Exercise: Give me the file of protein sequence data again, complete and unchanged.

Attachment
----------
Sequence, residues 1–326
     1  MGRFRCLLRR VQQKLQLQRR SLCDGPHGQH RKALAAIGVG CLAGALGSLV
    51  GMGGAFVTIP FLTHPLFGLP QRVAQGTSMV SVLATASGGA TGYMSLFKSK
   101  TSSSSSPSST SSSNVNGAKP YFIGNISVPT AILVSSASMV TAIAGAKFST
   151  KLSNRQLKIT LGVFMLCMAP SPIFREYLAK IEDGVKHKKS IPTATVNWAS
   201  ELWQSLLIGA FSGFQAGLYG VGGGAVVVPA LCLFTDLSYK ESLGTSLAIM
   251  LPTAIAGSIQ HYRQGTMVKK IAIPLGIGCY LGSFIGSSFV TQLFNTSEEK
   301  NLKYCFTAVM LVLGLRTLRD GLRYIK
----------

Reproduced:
Sequence, residues 1–326
     1  MGRFRCLLRR VQQKLQLQRR SLCDGPHGQH RKALAAIGVG CLAGALGSLV
    51  GMGGAFVTIP FLTHPLFGLP QRVAQGTSMV SVLATASGGA TGYMSLFKSK
   101  TSSSSSPSST SSSNVNGAKP YFIGNISVPT AILVSSASMV TAIAGAKFST
   151  KLSNRQLKIT LGVFMLCMAP SPIFREYLAK IEDGVKHKKS IPTATVNWAS
   201  ELWQSLLIGA FSGFQAGLYG VGGGAVVVPA LCLFTDLSYK ESLGTSLAIM
   251  LPTAIAGSIQ HYRQGTMVKK IAIPLGIGCY LGSFIGSSFV TQLFNTSEEK
   301  NLKYCFTAVM LVLGLRTLRD GLRYIK